As a Change Consultant I am very fortunate to meet many people at different customer sites. That is one of the benefits that helped convince me to make the career shift to consulting and I have not been disappointed. Everyone I meet has a wonderful story to tell and each teaches or reinforces something to me. One of the greatest reinforcement lessons I learned came in the past few months.
I was contracted by a local organization mainly to help implement two projects. As part of the transition of these projects to me by the current project manager, I was told that one of the team members on the project had been diagnosed with cancer earlier in the year. Likely, she would continue to be off intermittently while receiving treatments. I was told further that this person had such great spirit that most people wouldn’t even know about her diagnosis. That was absolutely true.
In the first few meetings with the project team, I completely forgot about this information. I was routinely meeting with Theresa and Scott, the primary business leads, and occasionally with the IT group. The only thing I noticed was that Theresa had a flair for wearing great hats.
Everyday she came in with a different hat on. Each matched her outfit perfectly. Whether it was a beret, cloche, fedora, floppy brim, medium brim or a simple baseball cap, she always wore them with style. Her hats became part of her ensemble like her wedding ring – they just fit, as did she. I was shocked to find out she was the one with cancer; now the hats made more sense. Just as Theresa likely did with everything in her life, she made a seeming necessity fit routinely, yet stylishly within her makeup.
As I was introduced to more employees at the customer site, I began to notice that many of them had their workstations decorated with a deep ‘homey’ touch. Each was unique in color, style and décor, but all felt more like walking into a living room than an office cubicle. I wasn’t surprised when I was told Theresa had decorated them. She made me feel at home whether it was with her decorations or her warm, open personality. It only made sense that she made cubicles feel like home.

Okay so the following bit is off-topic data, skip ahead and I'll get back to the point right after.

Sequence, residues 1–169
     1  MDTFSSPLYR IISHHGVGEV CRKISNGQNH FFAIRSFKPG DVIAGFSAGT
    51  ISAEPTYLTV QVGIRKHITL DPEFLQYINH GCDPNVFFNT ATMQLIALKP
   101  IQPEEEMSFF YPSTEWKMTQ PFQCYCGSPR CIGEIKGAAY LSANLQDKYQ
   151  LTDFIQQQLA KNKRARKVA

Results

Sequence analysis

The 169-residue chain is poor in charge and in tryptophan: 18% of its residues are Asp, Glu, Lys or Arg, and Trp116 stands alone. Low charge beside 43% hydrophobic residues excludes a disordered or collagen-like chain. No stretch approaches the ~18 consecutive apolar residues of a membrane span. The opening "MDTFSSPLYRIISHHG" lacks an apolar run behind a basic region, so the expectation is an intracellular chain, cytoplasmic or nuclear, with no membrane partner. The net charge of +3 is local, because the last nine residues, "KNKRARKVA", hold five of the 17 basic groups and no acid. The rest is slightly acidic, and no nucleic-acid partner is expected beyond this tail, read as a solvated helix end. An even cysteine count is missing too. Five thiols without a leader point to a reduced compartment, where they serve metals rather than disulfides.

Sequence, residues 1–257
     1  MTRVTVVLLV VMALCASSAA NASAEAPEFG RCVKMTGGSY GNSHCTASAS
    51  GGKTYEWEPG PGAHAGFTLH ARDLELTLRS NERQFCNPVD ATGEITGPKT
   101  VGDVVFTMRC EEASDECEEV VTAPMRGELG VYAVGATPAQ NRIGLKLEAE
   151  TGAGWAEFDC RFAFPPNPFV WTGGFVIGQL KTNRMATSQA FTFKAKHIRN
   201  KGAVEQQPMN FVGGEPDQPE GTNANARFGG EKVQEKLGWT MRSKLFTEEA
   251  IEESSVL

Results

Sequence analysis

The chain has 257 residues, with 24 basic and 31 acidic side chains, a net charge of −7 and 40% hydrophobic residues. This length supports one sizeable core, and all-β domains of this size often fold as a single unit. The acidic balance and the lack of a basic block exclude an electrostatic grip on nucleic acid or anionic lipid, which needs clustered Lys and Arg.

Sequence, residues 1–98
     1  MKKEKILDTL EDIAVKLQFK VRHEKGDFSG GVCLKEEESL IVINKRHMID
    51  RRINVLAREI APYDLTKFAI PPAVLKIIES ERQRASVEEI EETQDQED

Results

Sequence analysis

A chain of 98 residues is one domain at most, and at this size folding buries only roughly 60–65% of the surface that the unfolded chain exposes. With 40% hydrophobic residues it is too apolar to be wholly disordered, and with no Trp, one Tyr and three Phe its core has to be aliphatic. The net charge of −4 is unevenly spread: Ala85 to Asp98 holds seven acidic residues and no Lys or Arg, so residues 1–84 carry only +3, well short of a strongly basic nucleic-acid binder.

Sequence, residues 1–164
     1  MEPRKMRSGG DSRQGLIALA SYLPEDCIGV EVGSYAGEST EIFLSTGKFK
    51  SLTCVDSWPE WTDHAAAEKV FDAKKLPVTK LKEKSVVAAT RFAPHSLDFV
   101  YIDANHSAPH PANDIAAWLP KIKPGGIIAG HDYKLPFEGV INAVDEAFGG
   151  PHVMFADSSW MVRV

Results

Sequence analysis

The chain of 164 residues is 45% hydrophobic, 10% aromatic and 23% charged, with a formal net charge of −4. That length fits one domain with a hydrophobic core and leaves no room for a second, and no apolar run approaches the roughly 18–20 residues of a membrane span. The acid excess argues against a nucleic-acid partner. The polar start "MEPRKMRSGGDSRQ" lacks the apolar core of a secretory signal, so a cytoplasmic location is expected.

In the 4 months that I worked with Theresa, I never caught a hint of sorrow, self-pity, doubt or anger. She accepted her challenge and portrayed a person of full health, ready to live a great life for 50 more years. Even though we knew the toll her treatments had to be taking on her, she never flinched. She showed up at the office everyday with spunk, drive, full of vitality, ready to take on the world. No one would have thought less of her had she let her goals lapse, but that’s not Theresa. She simply added recovery to her set of goals and moved forward.
I found out recently that Theresa’s last exam revealed a new situation and the news was not good; not good for me and all the others who know her. I’m confident that this next journey for Theresa will be met with the same passion and zest that she has shown me these past 4 months.
For me, my journey with her ends much too soon. She reinforced for me so strongly the need to love life, to attack it with vigor, yet at the same time, care for it as gently as I would my baby boys. Life can be an endless journey of opportunities and achievements or as fleeting as the presence of lilac in Spring. Either way, it is precious and without comparison – just like Theresa. I went beyond winning the lottery when I met this lady with the hat.